Syria: Rebels launched the second Damascus attack in three days

Syria: Rebels launched the second Damascus attack in three days

Syrian rebels renewed their attack on a regime-held area in Damascus for the second time in three days, sources on both sides said, in the first large-scale operation be the rebels in Syria’s capital in four years.

A surprise attack by rebel alliance on March 19. on the Assad regime position in Syria’s capital of Damascus led to heavy clashes and rocket shelling, which were described as the most fierce in years.

The escalation, reported by witnesses, state TV, rebel sources, and a monitoring group, marked a bid by the rebels to relieve army pressure on besieged areas they control to the east of the capital.

Moderate Free Syrian Army (FSA) and militants from Fatah al-Sham group were both involved in the assault on the districts of Jobar and Abbasid Square area, some 2 km (1.2 miles) east of the Old City walls.

The attack began early on Sunday “with two car bombs and several suicide attackers” on the Jobar district, said Rami Abdel Rahman, head of the Syrian Observatory for Human Rights monitoring group.

Rebels then advanced into the nearby Abbasid Square area, seizing several buildings and firing a barrage of rockets into multiple Damascus neighborhoods, Abdel Rahman said.

Control of Jobar – which has been a battleground district for more than two years – is one of the goals of the attack. It is divided between rebels and allied hardline fighters on one side, and government forces on the other. It is one of three pockets in the Syrian capital still in opposition hands.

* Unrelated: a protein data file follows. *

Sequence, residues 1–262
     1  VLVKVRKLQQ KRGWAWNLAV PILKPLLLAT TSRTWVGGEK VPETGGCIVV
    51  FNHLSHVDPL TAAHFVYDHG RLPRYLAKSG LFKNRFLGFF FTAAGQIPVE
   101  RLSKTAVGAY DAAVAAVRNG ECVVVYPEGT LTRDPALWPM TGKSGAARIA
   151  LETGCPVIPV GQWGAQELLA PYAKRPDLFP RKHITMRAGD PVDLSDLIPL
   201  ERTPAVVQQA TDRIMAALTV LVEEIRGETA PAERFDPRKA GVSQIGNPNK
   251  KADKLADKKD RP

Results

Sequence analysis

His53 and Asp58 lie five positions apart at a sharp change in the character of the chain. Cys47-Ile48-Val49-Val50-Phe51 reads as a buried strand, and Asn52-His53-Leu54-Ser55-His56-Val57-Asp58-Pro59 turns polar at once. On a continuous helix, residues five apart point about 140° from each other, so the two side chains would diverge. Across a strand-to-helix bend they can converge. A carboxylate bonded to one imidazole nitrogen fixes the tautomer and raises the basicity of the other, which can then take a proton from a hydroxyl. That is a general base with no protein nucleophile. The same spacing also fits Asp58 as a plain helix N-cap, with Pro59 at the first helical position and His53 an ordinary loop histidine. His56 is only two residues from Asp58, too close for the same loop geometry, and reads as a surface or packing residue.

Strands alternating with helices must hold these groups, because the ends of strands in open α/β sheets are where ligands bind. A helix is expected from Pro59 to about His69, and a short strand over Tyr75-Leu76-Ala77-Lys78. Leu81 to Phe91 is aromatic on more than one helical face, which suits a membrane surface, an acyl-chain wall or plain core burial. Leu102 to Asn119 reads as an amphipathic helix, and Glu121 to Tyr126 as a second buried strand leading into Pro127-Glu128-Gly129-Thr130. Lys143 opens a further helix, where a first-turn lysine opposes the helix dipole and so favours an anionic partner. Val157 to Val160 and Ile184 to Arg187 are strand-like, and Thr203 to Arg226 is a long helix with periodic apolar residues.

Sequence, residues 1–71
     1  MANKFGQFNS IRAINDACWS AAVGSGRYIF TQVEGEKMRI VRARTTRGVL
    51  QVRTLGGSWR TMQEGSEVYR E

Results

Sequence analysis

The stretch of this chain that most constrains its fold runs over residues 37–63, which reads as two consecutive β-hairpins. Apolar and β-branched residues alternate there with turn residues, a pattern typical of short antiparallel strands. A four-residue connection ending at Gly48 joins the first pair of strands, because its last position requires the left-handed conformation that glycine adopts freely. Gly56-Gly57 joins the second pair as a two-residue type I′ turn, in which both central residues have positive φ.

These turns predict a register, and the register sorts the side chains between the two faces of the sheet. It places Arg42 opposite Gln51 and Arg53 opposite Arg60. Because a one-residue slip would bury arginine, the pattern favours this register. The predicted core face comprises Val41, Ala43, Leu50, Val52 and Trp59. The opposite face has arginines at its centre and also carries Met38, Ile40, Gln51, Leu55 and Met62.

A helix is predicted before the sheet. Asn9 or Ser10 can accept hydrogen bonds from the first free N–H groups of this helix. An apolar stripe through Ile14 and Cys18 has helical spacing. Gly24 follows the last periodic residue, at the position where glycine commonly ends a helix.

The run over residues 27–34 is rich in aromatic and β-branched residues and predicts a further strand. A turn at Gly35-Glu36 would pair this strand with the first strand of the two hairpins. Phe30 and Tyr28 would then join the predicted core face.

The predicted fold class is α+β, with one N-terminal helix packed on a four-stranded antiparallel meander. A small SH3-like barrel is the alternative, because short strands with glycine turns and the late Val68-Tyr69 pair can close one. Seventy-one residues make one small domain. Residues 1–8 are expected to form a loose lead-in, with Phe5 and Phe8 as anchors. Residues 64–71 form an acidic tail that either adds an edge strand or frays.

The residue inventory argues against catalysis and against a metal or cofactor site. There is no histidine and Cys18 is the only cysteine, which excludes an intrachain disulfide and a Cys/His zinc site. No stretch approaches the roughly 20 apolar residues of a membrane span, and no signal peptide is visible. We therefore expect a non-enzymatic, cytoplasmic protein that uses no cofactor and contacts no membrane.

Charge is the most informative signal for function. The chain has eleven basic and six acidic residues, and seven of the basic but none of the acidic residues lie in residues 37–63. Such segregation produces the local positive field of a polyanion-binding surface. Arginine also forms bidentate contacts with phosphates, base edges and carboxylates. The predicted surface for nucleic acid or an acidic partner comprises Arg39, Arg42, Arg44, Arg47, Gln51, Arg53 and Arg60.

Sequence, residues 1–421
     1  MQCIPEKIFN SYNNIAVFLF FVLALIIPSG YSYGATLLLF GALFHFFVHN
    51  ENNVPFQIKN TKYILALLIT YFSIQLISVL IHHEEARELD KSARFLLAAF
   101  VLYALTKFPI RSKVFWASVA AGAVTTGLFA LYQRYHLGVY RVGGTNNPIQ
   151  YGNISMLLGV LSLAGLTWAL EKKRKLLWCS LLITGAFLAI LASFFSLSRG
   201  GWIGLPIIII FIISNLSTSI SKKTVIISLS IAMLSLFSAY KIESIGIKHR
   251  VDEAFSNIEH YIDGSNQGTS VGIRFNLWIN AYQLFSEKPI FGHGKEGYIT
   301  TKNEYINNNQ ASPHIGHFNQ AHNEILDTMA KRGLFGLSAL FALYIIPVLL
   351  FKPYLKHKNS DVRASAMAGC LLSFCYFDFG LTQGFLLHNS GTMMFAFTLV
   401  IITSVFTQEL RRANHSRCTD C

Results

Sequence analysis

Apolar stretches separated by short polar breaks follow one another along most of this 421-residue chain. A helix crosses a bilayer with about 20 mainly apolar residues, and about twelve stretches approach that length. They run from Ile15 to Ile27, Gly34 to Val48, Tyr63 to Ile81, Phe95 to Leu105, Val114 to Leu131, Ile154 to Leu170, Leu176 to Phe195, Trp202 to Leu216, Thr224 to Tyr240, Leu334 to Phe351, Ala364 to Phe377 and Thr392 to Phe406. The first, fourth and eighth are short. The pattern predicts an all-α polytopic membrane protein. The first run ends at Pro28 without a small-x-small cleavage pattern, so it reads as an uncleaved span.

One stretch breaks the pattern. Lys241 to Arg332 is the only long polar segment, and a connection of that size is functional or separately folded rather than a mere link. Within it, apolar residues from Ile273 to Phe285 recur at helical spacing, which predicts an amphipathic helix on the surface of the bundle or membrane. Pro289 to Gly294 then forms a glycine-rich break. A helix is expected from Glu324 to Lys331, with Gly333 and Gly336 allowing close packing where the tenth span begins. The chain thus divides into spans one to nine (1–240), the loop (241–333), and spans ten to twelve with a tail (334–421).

Though the attack was largely repelled by Assad regime and its allied forces, the rebels proved that they are still able to conduct attacks even after the high losses they suffered after the Russian intervention.

In addition, they said that this attack won’t be the last and they are preparing for new wide offensive soon, and started a new one already on March 21.

The new offensive

The spokesman for one of the main insurgent groups involved in the attack said new offensive began at 5.00 a.m., targeting an area rebel fighters had seized from government control on Sunday before being forced to retreat.

“We launched the new offensive and we restored all the points we withdrew from on Monday. We have fire control over the Abbasid garages and began storming it,” Wael Alwan, spokesman of rebel group Failaq al-Rahman, told Reuters.

Failaq al-Rahman rebels are fighting alongside fighters from the Free Syrian Army (FSA) and a hardline al-Qaeda-linked alliance called Tahrir al-Sham.

A Syrian military source said that rebel fighters had entered the area, setting off a car bomb at the start of the attack. The source said a group of rebels that had entered the area had been encircled and were “being dealt with”.

The rebel groups have launched the assault from their Eastern Ghouta stronghold to the east of the capital. Government forces have escalated military operations against Eastern Ghouta in recent weeks, seeking to tighten a siege on the area. The rebel assault aims partly to relieve that pressure.

The fighting has focused around the Abbasid square area of the northeastern Jobar district, some 2 km east of the Old City walls, at a major road junction leading into the capital.

A witness in the Tijara residential area near the fighting said dozens of tanks were deployed – an unusual scene for residents of inner Damascus, whose quarters been spared the widespread fighting on the fringes of the sprawling city.

A message to Russia

Wael Alwan, spokesman for the Free Syrian Army (FSA) rebel group Failaq al-Rahman, said: “We launched the new offensive and we restored all the points we withdrew from on Monday.”

He said the attack strengthened the hand of the mainstream opposition ahead of new peace talks in Geneva on Thursday. “Our gains today will give strength to our presence in Geneva after tomorrow,” he added.